Have you found your sleep pattern?

by Ezra Hewing | 16 May 2019

Staying well – we know we need the right diet and regular exercise. And we know we need the right amount of sleep. But why are so many of us struggling with poor sleeping patterns? Ezra Hewing, Head of Mental Health Education at Suffolk Mind explains more.

Finding the right sleep pattern

Are you or is somebody you know stuck in a bad sleep pattern? As any parent knows, trying to get small children into the habit of going to bed and waking up at the right time can be hard work – especially when parents are need of sleep too! Establishing regular going to bed and getting up time takes effort. And that’s because sleep patterns are a learnt behaviour – for children and adults.

We all need the right amount of sleep in a twenty-four hour period, about eight hours for the average adult and less as we get older. But the pattern of sleep can vary according to age and culture. So, as we know, people living in the Mediterranean may siesta in afternoon, sleeping for a couple of hours while it’s hot, and then stay up to eat and spend time with family and friends into the late evening.

The key point is that we have to get into good habits with the pattern of our sleep. This is especially if you’re a shift worker this can be especially difficult, when the time that you go to sleep, get up, eat, work and socialise will vary hugely from week to week. But it’s also a problem for all of us if we don’t have a good sleep pattern in place. So what can people do to change or cope with poor sleep patterns?

The best advice   

A study carried out with junior doctors and emergency medicine consultants, often working for twelve hour at a time and at high risk of sleep deprivation, came to the following conclusion: instead of trying to chase eight hours of sleep try to get blocks of ninety minutes good quality sleep.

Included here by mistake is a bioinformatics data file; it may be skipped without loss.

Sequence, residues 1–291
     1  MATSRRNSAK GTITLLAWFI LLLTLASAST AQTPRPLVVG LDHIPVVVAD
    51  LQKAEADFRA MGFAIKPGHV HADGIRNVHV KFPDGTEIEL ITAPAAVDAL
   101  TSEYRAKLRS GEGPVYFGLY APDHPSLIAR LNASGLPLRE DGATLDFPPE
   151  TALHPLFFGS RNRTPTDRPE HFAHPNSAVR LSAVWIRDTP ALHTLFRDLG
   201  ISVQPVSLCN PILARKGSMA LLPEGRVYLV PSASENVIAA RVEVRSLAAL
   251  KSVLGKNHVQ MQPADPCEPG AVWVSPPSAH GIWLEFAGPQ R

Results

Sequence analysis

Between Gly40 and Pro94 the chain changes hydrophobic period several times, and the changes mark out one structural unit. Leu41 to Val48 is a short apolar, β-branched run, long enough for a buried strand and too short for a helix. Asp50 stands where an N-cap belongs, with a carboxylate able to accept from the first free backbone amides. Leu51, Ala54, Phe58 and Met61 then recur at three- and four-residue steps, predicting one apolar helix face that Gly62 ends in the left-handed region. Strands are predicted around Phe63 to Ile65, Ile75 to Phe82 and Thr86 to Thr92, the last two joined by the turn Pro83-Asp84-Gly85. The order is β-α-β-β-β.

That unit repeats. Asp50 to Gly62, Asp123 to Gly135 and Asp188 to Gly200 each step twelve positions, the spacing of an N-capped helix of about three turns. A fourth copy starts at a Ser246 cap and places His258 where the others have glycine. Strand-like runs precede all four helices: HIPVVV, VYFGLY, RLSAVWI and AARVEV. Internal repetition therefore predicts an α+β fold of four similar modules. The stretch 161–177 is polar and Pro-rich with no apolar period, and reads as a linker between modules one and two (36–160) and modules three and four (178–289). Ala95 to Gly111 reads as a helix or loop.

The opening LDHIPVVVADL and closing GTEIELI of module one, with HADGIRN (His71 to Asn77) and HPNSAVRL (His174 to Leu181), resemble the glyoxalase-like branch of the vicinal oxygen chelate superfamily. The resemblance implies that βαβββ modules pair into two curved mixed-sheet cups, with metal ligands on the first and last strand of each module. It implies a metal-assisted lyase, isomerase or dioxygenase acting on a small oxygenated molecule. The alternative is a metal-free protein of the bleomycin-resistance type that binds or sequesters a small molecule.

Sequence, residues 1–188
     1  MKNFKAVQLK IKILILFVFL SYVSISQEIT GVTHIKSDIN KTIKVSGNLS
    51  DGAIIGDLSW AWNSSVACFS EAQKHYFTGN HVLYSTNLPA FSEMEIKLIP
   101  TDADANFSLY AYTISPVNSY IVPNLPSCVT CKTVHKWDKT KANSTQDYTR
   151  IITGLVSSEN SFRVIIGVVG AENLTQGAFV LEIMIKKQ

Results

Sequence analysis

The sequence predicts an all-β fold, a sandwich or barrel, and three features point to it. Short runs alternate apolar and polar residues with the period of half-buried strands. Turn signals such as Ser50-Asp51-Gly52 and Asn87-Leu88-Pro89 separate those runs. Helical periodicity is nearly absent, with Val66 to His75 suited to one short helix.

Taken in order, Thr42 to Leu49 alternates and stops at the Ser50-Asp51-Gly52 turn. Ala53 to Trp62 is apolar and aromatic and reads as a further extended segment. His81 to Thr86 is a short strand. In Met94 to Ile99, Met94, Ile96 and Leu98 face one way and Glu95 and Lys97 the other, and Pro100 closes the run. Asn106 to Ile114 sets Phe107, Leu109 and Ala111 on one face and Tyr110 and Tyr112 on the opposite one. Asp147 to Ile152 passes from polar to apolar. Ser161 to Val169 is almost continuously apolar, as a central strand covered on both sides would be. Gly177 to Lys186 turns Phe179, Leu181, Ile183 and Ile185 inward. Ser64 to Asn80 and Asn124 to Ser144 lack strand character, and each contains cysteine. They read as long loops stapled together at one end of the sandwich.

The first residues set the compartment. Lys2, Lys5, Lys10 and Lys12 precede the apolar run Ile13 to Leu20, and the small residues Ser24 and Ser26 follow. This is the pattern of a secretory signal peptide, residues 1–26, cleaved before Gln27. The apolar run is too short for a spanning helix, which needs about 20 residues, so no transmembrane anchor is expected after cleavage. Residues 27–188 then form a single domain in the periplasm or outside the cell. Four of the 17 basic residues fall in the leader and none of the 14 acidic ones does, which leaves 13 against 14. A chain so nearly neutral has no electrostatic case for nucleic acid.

Sleep cycles follow a pattern too. At the start and the beginning we will have a short period of REM sleep when dreaming occurs. Dreaming is involved with keeping us emotionally healthy, switching of emotions we have not acted upon during the previous day, and clearing away toxins and pruning unhelpful connections which may have formed in our brains. Between these phases of dream sleep, we drop into lighter and then deeper periods of sleep, allowing the brain to switch off and the body’s cells to repair. So instead of trying to get 8 hours – and feeling that we’re failing when we don’t – aim for blocks of 90 minutes of quality instead that make up 7 to 8 hours a day.

Book yourself a sleep date!

What can we do to get the best out of a ninety minute sleep cycle ever? Firstly, plan ahead. Look for opportunities in your diary when you can book yourself a refreshing sleep date. Book it in and make it a priority – say no to anybody arriving with last minute requests that conflict with your sleep date. You might like to agree with your partner that they will take any children or pets out during this time, so that your sleep date is uninterrupted. Make sure that you have a comfy place to lie down, free from light – use black out curtains and eye masks if you need to. Switch any phones or computers off at least thirty minutes before your sleep date and avoid drinking caffeinated drinks for a couple of hours beforehand too – but make yourself cocoa or a hot chocolate to relax you. If you have a favourite set of pyjamas, or some relaxing music you’d like to play in the background, bring those to the sleep date too! Most importantly of all, enjoy laying down and getting into the habit of having regular no pressure sleep dates, to give yourself the best chance of letting your mind and body unwind and repair itself. 

Help is at hand to get better sleep

For more information on how to meet your need for sleep, take a look at our resources hub for more blogs and support.

You can also sign up to become a Friend of Suffolk Mind, which gives you the opportunity to join our Sleep Well, Work Well workshop for free.

by Ezra Hewing

Ezra Hewing is Head of Education at Suffolk Mind and a Human Givens Therapist. Since joining Suffolk Mind in 2009, he has grown our busy workplace wellbeing service, training frontline mental health workers, doctors, nurses, substance abuse workers, members of the emergency services and heads of organisations, amongst others, in how best to understand and support emotionally healthy workplaces. He holds an MSc in the psychology and neuroscience of mental health from the internationally renowned Institute of Psychology, Psychiatry and Neuroscience, King’s College, London, where he researched REM sleep and mental ill health, with a focus on the symptoms of schizophrenia.

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